One of today's most serious twentysomething actors started out on a silly sitcom about aliens: Joseph Gordon-Levitt, who played the teenage earthling Tommy Sullivan on "3rd Rock From the Sun," has transitioned—very nicely, thank you—into edgy independent-film roles. He followed his supporting turn as a homophobic Mormon in 2003's "Latter Days" with a starring role as a gay hustler in last year's "Mysterious Skin." Gordon-Levitt's latest film, "Brick," is set in a California high school. But this is so not your typical teen movie. It's more like film noir meets "Sin City." Gordon-Levitt plays the lead, a thoughtful, lanky student named Brendan Frye, who's searching for his missing girlfriend. With the movie just opening in limited release, he spoke to NEWSWEEK's Ramin Setoodeh. Excerpts:
NEWSWEEK: Wow. You're wearing a suit. At most interviews, celebrities dress down.
Joseph Gordon-Levitt: Celebrity? I hate that word.
But aren't you a celebrity?
No, sir. I'm an actor. Actors didn't use to be celebrities. A hundred years ago, they put the theaters next to the brothels. Actors were poor. Celebrities used to be kings and queens. Then the United States abolished monarchy, and now there's this coming together of show business and celebrity. I don't think it's healthy. I don't want to sound self-important, but all these celebrity shows and magazines—it comes from us, from Hollywood, from our country. We're the ones creating it. And I think it works in close step with a lot of other bad things that are happening in the world. It promotes greed, it promotes being selfish and it promotes this ladder, where you're a better person if you have more money. It's not at all about the work itself. Don't get me wrong. I love movies. But this myth of celebrity has nothing to do with movies.
So you've gone formal today because ... ?
It makes me feel more presentable. Two years ago, I went on this audition. They were doing production of "The Glass Menagerie" by Tennessee Williams. I hadn't been on many theater auditions. But I was told about the play. I was excited. I wanted to do it. That play is stupendous, really. I worked hard on it and went in, and the director was wearing a suit. I'd never been to an audition where the director was wearing a suit—it really struck me. It wasn't about clothes. Back in the '40s, everybody used to wear suits on a movie set. There's a certainly nobility—not nobility, that's the wrong word. There's a certain class to what we're doing. I got that from him. We're professionals here.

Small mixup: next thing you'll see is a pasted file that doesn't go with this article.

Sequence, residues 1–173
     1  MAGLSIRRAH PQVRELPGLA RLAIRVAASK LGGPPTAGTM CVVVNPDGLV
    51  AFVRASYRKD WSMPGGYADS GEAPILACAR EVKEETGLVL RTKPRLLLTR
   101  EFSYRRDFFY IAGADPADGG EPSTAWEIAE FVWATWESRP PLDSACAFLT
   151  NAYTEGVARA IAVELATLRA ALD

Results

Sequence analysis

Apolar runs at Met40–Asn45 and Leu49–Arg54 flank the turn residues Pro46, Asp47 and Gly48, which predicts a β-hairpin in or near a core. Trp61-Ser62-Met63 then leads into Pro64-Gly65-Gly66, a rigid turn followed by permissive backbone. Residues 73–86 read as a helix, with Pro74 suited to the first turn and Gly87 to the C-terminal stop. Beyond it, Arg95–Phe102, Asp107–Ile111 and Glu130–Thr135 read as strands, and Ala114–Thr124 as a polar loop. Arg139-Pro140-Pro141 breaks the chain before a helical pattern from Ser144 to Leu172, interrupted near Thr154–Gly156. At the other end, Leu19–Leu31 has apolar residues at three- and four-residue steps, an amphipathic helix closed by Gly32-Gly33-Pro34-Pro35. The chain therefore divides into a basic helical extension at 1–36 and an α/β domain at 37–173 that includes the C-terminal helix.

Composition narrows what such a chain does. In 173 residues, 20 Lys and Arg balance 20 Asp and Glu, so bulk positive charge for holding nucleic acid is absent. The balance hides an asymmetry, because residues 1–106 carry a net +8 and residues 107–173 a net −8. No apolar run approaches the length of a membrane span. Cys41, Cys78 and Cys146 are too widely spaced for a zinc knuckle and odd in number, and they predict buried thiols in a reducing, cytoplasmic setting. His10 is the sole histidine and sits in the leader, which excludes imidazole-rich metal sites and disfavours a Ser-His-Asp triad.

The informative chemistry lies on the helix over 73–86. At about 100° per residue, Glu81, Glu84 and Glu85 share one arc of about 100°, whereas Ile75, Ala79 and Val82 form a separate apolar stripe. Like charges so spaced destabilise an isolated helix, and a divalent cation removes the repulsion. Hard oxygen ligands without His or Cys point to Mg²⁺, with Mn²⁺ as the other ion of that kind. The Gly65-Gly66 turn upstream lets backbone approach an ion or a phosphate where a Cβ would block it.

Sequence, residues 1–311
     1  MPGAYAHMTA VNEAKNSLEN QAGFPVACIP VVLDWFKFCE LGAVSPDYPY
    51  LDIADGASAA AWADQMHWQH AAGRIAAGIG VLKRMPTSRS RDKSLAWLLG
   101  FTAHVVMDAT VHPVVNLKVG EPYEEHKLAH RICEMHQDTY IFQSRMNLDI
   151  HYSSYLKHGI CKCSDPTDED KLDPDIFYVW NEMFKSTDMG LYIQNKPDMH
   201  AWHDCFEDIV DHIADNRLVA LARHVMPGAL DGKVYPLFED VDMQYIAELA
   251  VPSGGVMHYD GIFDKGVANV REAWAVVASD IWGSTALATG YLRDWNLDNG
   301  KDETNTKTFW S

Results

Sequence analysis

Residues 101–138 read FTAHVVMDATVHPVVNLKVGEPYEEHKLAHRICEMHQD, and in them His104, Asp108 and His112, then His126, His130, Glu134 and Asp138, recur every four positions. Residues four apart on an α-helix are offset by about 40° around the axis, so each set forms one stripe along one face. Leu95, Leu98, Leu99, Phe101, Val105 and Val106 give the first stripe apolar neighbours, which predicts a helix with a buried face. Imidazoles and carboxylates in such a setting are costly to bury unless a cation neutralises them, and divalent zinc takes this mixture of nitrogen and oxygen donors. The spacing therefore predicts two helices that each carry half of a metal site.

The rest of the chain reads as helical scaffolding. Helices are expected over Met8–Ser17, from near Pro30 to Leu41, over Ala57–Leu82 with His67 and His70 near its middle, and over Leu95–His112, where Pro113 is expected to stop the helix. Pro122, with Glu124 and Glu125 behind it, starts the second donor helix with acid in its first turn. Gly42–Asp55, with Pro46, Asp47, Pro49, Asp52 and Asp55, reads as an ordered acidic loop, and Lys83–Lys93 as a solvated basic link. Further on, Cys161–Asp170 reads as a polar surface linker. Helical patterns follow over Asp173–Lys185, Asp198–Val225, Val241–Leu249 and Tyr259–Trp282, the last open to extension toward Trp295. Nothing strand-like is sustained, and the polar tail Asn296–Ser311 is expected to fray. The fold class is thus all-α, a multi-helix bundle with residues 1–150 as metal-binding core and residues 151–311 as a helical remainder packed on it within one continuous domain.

How did you get into acting?
I was just watching baby videos of me and I was obviously an exhibitionist. At 2, my mom was making these sand castles and I'd wait for her to make them. Then I'd destroy them really violently and ask her to do it again. It was like some scene we were playing out. So since I was born and raised in Sherman Oaks [Calif.], I went to a lot of auditions.
In "Latter Days" and "Mysterious Skin," and now in "Brick," you seem to be doing really risky work. Is that hard for an actor in his 20s?
Not just in your 20s. Most scripts are bad. I read a lot of them. "Brick" was a good script just to read. It was like, “Oh my God, these words feel so good in my mouth.” A lot of movies try to set up a world with cool sets, costumes, camera work. In "Brick," the world is born from the words.
Did you read A. O. Scott's review of "Mysterious Skin" in The New York Times, where he raved and raved about your performance?
I did. I was really honored to be in The New York Times that way. Playing a role like the character in "Skin," you just have to jump and trust. You can't pay too much attention to what you're doing.
The character is so raw, it's almost hard to watch. It must have been even harder to play . Especially in the graphic nude scenes.
To me, a sex scene in a movie generally means a gratuitous scene that doesn't serve the story but gives a kind of excuse—we've got these two actors, we want to see them naked, so let's bring in the music and the soft light. In "Mysterious Skin," none of the sex scenes are like that. They all are about the process that this character is going through—and he grows from each of those scenes. You couldn't have told the story any other way. There's nothing to be embarrassed about. I would be embarrassed if I was like, "S—-, everybody wants to look at my a—."